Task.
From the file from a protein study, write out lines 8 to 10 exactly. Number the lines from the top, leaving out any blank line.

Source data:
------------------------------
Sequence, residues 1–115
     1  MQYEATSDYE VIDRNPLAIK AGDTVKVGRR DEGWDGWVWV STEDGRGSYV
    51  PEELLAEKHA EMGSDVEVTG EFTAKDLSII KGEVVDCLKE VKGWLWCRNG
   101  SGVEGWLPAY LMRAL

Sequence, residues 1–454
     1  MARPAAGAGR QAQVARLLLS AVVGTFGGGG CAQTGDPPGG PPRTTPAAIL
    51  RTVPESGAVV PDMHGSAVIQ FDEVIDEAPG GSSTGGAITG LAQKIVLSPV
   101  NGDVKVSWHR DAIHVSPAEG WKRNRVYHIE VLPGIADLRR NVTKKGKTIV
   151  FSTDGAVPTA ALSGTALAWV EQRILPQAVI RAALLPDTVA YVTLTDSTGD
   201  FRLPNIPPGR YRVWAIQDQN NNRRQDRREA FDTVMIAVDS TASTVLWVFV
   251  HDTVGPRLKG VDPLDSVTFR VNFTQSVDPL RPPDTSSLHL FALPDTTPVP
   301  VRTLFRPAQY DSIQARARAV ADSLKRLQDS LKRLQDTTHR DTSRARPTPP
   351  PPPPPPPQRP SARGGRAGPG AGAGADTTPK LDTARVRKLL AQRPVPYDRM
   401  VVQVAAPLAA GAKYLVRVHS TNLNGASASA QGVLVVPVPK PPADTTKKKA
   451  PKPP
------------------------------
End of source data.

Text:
   101  NGDVKVSWHR DAIHVSPAEG WKRNRVYHIE VLPGIADLRR NVTKKGKTIV
   151  FSTDGAVPTA ALSGTALAWV EQRILPQAVI RAALLPDTVA YVTLTDSTGD
   201  FRLPNIPPGR YRVWAIQDQN NNRRQDRREA FDTVMIAVDS TASTVLWVFV